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INTRODUCTION

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The differential diagnosis for head and neck masses in children is very broad. Thus, this common clinical finding can be a difficult diagnosis to determine. Thorough history and physical examination are extremely important for identifying the underlying etiology of the mass, and they help guide further evaluation and therapy. Most head and neck masses in children have an infectious/inflammatory cause. However, congenital neck masses and neoplasms occur, many of which require surgical excision or biopsy for diagnosis and treatment.

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CONSIDERATIONS IN DIFFERENTIAL DIAGNOSIS

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There are many different approaches to the differential diagnosis of pediatric neck masses, including by age, location, and acuity. Although a host of relatively rare head and neck malignancies occur in children, neonates and young infants who present with neck masses at or close to the time of birth most likely have congenital abnormalities such as branchial cleft cysts, thyroglossal duct cysts, or vascular anomalies (see Chapter 370). However, it is important to remember that cystic congenital neck masses most commonly present later in life, when they initially become infected. Infants commonly develop infectious neck masses, including abscesses that usually occur from suppuration of lymph nodes. Neck abscesses in infants can occur throughout the neck (Fig. 368-1) and, of those that fail to respond to empiric antibiotics, typically are caused by Staphylococcus aureus and more rarely by Streptococcus pyogenes. These abscesses are treated with appropriate antibiotic therapy including methicillin-resistant S aureus (MRSA) coverage and with surgical drainage when necessary. Knowing the pattern of clindamycin resistance among MRSA isolates in the geographic region is critical when considering initial therapy. Fibromatosis colli, or sternomastoid tumor of infancy, commonly presents with a firm lateral neck mass and neck stiffness or frank torticollis (Fig. 368-2). Ultrasonographic finding of a solid mass in the sternocleidomastoid muscle is reassuring, as the diagnosis is primarily a clinical one. Early diagnosis and physiotherapy can prevent or reverse torticollis and associated cranial deformity. The most common malignancies that present as neck masses in infants are blue-cell tumors, which include neuroblastoma, rhabdomyosarcoma, and lymphoma (see discussion of malignant neoplasms below).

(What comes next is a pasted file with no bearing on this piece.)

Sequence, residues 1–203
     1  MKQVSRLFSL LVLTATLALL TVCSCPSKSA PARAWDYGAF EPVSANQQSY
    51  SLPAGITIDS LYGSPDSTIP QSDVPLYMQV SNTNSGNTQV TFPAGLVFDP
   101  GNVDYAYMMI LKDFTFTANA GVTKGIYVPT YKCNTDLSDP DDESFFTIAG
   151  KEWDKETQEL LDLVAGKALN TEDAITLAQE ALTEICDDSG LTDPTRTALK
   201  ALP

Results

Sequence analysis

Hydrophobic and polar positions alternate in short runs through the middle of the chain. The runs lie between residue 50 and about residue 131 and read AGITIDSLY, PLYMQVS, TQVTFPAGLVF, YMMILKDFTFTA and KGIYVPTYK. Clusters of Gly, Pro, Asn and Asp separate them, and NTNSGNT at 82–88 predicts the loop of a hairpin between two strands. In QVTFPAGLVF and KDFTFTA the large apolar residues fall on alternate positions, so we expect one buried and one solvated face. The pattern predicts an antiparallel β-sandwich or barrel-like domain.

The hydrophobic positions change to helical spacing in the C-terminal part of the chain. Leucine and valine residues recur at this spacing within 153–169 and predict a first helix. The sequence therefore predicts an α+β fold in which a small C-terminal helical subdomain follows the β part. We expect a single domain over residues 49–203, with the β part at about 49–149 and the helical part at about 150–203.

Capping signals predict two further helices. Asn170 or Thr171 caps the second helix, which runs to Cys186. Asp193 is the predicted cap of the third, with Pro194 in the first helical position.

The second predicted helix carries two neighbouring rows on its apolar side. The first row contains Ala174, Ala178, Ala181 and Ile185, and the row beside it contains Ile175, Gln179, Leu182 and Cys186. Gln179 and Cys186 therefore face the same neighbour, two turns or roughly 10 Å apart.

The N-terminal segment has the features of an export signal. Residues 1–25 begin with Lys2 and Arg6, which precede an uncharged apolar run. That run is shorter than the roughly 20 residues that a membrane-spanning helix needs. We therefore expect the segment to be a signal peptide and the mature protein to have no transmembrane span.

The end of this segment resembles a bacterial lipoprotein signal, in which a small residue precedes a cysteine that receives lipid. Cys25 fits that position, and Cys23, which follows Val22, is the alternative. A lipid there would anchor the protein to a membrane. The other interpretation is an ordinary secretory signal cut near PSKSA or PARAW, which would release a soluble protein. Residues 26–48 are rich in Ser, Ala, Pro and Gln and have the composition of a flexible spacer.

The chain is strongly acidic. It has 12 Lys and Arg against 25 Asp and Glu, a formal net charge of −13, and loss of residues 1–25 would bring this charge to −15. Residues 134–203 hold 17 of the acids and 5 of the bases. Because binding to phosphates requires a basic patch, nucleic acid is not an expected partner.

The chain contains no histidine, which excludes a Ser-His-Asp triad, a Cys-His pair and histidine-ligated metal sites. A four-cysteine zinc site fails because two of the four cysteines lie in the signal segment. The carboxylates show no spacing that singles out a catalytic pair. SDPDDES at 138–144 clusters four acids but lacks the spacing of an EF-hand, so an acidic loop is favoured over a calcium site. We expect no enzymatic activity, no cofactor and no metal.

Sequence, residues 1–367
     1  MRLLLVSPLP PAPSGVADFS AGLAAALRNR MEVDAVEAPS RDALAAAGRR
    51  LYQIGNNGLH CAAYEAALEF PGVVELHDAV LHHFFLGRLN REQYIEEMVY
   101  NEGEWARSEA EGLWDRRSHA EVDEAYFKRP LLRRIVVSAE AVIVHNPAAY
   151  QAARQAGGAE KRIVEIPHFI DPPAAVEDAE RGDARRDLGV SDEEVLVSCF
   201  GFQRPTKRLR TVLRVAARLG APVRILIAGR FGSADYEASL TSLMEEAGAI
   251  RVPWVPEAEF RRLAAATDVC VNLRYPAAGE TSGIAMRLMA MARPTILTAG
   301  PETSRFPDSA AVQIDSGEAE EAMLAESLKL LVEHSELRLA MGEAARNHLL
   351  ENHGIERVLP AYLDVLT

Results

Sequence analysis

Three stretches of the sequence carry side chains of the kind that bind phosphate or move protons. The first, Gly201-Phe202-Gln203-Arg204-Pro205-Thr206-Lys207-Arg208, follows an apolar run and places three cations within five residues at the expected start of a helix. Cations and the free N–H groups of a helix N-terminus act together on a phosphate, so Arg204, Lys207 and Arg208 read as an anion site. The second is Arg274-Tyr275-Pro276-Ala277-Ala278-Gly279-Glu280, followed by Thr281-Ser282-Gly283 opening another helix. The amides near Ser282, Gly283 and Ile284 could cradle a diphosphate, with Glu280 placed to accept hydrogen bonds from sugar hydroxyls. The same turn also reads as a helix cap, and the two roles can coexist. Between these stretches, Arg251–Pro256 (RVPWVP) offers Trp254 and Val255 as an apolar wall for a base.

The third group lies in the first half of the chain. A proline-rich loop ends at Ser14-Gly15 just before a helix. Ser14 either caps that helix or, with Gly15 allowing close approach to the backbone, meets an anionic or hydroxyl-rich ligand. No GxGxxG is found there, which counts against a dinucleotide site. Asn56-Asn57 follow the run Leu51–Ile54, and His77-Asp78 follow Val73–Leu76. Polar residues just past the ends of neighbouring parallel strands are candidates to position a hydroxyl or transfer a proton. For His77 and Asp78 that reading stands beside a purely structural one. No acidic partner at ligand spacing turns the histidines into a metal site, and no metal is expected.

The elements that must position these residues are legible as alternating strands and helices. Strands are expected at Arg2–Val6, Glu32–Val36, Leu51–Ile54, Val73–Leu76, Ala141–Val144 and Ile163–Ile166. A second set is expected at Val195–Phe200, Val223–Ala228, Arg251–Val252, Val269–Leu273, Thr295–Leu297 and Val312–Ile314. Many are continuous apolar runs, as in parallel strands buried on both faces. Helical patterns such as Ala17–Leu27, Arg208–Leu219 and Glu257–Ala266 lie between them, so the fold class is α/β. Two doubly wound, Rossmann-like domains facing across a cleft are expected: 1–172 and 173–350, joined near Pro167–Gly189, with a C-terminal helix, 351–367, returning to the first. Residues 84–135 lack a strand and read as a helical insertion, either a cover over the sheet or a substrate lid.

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Figure 368-1

Suppurative adenitis/neck abscess in an 8-month-old child.

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Figure 368-2

Firm swelling within the sternomastoid muscle in a 4-week-old child with sternomastoid tumor of infancy (fibromatosis colli).

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Neck masses in preschool children usually are inflammatory in nature, although congenital masses may present for the first time as well. Reactive lymphadenopathy is extremely common, particularly in the setting of upper respiratory infections, and nontuberculous mycobacterial adenitis occurs primarily in this group age. Older children and adolescents with neck masses usually have enlarged cervical lymph nodes as a reactive process that is secondary to viral or bacterial infection. However, children in this older age group ...

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